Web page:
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Reporting on movies, film festivals, film production, premieres, movie events, industry trends and plays from around the world

The Global Film Village: CineVegas 2009 by Marla Lewin

Dennis Hopper in the CineVegas Lounge
Cinevegas is set off the Las Vegas strip at the Palms Hotel and Brenden Theatre complex. Parties were held at the Playboy Club, the Rain Night club, the Venetian and Mandalay Bay Hotels.  The festival closed with a street party and Drive-In showing of a 1950's movie "classic" that recently served as the inspiration of Monsters versus Aliens. There is a casino level suite where filmmakers and industry meet for a once a day feed, and a cocktail hour. There has been much said and written about a party held in a gentlemen's club the size of a Costco. Las Vegas is a city of excess,neon and excitement and CineVegas is a product of its enviorment.
Willem Dafoe an admitted to be a Vegas virgin when he spoke with Elvis Mitchell about his career. He had just returned from Cannes where he appeared to support Antichrist the latest controversial film from Lars Van Trier. Elvis reminded Willem he was a boy from a large middle class mid-west American  family who wanted to live an interesting life. WiIlem says he loves to work. He is like an ox. He is happiest to be in every scene of a movie, and he loves the physical work of the stage. He has one in New York, the Wooster Theatre, and he remembers that it was his stage performances that first brought him to the attention of Billy Friedkin and Oliver Stone. Most recently Willem had his manager call Lars to see what he was up to, and discovered that he had been in a deep depression. Lars was casting his new movie with two leads and hadn't decided how to go.  Elvis commented that WiIlem is always making films with the theme of flirting with danger. Willem said that character is revealed through action.  He said he never read the book Last Temptation of Christ, where again he played every scene. Willem felt it was an actor's dream to play a character who was basically unconscious so that both he and the audience experience together how he became aware of what was going on around him.  He said working with Scorcese was a dream. Marty gave him things about forgiveness to read in preparation for the role.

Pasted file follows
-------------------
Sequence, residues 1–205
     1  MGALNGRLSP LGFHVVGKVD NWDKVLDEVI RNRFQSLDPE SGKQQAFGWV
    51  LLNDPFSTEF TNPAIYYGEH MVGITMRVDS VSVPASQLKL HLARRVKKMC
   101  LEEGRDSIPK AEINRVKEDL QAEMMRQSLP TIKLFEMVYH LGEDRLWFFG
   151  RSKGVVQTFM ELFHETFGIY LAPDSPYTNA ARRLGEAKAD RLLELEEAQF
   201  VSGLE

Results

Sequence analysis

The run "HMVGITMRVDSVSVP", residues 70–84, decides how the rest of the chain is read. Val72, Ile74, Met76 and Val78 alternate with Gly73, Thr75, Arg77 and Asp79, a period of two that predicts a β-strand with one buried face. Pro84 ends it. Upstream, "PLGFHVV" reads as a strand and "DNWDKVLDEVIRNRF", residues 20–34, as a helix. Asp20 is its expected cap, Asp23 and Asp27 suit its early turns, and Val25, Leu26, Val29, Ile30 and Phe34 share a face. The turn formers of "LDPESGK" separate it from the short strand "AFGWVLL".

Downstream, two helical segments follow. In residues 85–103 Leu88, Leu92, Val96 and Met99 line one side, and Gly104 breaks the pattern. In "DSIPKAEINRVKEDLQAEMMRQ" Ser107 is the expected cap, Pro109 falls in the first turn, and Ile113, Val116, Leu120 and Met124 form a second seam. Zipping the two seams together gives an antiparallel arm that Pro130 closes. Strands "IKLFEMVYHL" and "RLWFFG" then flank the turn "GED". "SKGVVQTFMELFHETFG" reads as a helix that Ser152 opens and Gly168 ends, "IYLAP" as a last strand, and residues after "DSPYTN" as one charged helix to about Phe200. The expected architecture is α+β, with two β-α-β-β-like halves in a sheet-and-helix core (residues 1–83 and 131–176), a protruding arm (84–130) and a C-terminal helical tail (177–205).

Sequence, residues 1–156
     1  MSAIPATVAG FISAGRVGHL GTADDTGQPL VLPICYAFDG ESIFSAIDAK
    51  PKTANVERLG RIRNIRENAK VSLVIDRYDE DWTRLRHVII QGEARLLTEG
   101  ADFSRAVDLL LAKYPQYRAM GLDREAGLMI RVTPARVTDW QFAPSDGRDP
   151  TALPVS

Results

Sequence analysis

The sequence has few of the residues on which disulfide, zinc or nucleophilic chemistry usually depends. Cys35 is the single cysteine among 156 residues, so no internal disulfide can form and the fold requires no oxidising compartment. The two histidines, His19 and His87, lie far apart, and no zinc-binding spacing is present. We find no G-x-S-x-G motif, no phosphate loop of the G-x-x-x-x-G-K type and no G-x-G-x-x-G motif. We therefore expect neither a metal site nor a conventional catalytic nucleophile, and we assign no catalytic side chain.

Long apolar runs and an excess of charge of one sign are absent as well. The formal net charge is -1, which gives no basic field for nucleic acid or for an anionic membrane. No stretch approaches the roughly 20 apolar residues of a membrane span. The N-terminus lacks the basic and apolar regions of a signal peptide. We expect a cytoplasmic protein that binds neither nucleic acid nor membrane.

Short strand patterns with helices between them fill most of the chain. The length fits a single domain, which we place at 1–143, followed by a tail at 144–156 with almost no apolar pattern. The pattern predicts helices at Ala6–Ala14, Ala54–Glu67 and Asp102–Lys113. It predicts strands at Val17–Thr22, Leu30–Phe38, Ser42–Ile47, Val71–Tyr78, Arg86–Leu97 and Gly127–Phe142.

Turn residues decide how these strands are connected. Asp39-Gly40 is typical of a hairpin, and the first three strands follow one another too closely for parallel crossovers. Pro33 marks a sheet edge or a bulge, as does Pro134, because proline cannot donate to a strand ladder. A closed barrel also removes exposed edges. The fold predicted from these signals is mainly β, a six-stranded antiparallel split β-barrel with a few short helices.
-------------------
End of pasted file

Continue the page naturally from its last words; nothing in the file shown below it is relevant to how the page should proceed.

He met Dennis Hopper, the president of the CineVegas festival while David Lynch was casting Wild At Heart and they then worked together.  That was another out of the system tribal type experience of filmmaking.  When Dennis suggested he show a piece of his work, Willem chose his first film Loveless from then first time director Kathleen Bigelow shot in 1982.  He has had an impressive carreer and been nominated for two academy awards. We appreciated his sharing his insights about acting with the audience.  
Jon Voight also has had an impressive career with many award winning films including Midnight Cowboy and Coming Home for which he received the Academy Award.  Jon was humbled, and choose to show a film that he co wrote with writer Al Swartz, who was in the audience. Looking to Get Out was directed by the late Hal Ashby and is rarely seen. Only recently was the original Director's cut found and that was the version we were shown. Jon had just wrapped shooting The Champ, and got energized working with kids. Also starring in Looking to Get Out are Burt Young, and Anne Margaret. Jon's daughter, Angelina had her first role in this film at age 7. Although set in Las Vegas, the casino sets were created in Hollywood by famed production designer Robert Boyle now 99 years old. Camera work was provided by Haskell Wexler. This now classic gem of a film will be released on DVD by the end of the month by Warner Bros. A special program is planned in Los Angeles to coincide with the release.